The pig price slump continues and despite the efforts of the NPA and many individual producers, although there have been a number of promises of help to alleviate some of the problems on the ground, very little seems to have changed.
Despite the SPP rising by 1.8p to stand at 146.47p, this was due to the fact that on this occasion overweight pig slaughtering statistics were ineligible for inclusion in the overall SPP calculation.
Over the water, EU mainland prices staged a slight recovery last week but are still at exceptionally low levels, with the average European producer price quoted at approximately 106.5p.
UK weekly contribution prices have in the main remained at stand on levels, anywhere between 140p at the top end and 130p at the bottom.
The spot bacon market continues to be oversupplied with pigs and very little space remains available with reports of non-farm assured one off loads of spot pigs being traded at not much more than 85p/kg, although regular sellers should be ahead of this in the 120-125p/kg region.
Cull prices continue to bump along the bottom with UK exporters prices pegged in the 24p – 26p/kg region, not helped by a relatively static Euro which traded today at 85.43p compared with 85.54p a week ago.
Once again, no AHDB weaner averages have been quoted, but contract weaners saw 7kg piglets worth in the £34 – £37/head range, whereas non contract weaners are in some cases virtually impossible to shift or even give away due to the ongoing lack of rearing and finishing space throughout the system because of the overweight pig blockage at the far end of the supply chain.
Put simply, weaner producers cannot afford to keep churning out pigs at current values and because of soaring feed, labour and straw prices rearers and finishers cannot afford to take them through to slaughter weights either, and both sectors continue to be between a rock and a very hard place.
The cost of feed ingredients is also adding to all the problems and challenges faced by the pig industry with UK futures prices for feed wheat quoted at £225/t for December and £200/t for the following September.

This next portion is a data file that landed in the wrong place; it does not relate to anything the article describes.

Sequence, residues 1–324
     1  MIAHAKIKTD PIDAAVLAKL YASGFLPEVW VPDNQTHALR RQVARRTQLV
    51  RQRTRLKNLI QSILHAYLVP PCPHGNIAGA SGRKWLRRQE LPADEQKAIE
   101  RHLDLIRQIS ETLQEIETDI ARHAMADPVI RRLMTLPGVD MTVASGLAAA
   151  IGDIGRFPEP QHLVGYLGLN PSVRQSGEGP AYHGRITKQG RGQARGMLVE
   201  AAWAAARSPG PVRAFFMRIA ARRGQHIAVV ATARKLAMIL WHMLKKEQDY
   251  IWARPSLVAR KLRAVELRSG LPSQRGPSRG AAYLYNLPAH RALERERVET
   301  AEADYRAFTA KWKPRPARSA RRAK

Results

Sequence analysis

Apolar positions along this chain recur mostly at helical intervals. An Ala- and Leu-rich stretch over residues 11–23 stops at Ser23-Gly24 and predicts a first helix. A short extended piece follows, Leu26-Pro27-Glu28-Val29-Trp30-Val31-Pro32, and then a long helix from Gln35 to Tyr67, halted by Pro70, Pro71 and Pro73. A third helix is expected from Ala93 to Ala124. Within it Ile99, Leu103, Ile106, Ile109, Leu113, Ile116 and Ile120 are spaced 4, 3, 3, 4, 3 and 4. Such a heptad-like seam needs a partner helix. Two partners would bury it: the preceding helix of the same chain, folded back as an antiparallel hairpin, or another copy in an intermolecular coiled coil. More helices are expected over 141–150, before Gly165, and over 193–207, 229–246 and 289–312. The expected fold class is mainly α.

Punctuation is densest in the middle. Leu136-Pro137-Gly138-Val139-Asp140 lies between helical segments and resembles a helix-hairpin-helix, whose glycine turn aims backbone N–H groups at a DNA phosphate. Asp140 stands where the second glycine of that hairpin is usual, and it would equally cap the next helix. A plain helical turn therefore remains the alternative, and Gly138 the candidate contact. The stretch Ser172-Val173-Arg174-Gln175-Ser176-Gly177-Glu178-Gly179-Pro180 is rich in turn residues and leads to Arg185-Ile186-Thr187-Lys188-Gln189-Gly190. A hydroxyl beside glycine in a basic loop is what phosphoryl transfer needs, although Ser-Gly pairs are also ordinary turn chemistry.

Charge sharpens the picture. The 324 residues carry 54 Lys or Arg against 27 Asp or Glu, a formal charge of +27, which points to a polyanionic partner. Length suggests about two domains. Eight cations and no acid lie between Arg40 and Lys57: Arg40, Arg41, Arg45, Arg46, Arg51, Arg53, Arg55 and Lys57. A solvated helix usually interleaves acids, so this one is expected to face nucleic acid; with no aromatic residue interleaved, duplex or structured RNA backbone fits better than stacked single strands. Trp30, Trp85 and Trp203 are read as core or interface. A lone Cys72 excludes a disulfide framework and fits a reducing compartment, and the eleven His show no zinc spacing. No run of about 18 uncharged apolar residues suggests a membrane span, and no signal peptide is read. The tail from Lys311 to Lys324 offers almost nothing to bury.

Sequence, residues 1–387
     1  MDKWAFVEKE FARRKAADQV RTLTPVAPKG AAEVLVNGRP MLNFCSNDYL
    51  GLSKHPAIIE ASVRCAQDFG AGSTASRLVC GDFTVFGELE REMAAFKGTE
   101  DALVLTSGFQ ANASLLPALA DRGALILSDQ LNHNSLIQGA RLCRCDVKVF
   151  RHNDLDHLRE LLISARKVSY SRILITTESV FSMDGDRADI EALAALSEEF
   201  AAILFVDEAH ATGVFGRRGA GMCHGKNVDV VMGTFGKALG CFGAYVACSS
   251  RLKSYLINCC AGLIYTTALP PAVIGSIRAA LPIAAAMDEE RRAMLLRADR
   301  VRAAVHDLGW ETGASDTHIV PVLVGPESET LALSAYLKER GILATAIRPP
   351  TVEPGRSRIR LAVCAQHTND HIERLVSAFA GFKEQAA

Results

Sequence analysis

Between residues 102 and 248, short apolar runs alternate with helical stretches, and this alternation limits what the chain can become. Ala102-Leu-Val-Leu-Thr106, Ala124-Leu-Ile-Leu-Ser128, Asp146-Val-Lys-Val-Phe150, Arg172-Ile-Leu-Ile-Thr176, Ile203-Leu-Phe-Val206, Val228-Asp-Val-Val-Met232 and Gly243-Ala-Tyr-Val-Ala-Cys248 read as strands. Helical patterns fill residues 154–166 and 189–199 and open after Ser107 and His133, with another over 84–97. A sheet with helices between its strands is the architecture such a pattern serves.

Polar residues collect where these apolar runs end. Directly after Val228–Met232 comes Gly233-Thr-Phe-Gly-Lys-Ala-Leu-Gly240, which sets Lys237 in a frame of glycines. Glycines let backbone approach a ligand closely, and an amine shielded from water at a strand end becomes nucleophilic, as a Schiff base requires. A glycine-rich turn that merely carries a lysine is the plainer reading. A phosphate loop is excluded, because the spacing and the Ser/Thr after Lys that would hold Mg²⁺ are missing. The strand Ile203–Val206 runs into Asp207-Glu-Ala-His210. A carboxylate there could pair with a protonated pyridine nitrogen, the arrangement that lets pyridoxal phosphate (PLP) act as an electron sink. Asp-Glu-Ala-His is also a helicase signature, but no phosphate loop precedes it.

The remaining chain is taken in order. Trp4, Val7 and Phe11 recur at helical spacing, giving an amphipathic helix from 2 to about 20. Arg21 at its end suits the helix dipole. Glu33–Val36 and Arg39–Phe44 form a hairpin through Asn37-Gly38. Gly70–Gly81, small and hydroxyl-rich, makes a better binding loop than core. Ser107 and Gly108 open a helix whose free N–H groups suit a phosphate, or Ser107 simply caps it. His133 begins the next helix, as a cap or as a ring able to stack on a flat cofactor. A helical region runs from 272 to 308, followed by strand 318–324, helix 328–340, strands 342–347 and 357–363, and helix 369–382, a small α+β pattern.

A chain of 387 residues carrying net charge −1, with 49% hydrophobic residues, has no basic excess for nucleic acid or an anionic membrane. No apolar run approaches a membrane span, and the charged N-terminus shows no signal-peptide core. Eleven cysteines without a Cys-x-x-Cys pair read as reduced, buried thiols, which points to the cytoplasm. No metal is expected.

UK spot wheat ex farm values have eased by a gnat’s whisker to stand at £209.70/t which is still over £50/t more than it should be as far as pig producers are concerned.
Feed barley remains as scarce as hens’ teeth and continues to rise traded at £211/t for December and £187/t for September 2022.
The proteins markets have remained at generally similar levels on the week with Hipro soya for February – April 2022 at £351/t and May – October 2022 at £338/t.
Rapemeal values are also relatively static at £286/t for December – January 2022 delivery.
And finally, on the ground the crisis situation continues with very little change, and this fallen on deaf ears as far as the Government is concerned.
Although at this stage there are no clear signs of a recovery in the fortunes (or otherwise) of the industry, last week’s slightly firmer EU values could lead to a marginally better outlook in the months ahead if this trend continues, but industry sources are saying it is unlikely that producers will see any significant turnaround until we hit Spring next year which is another 3-4 months away and a long time to wait, especially with red ink all over the bank statement.
Unfortunately the dream cherished by many in the industry of building productive welfare friendly pig finishing facilities has become a nightmare and some difficult decisions will have to be faced in the weeks ahead with industry sources reporting significant numbers of progeny pigs now being slaughtered with no homes to go to.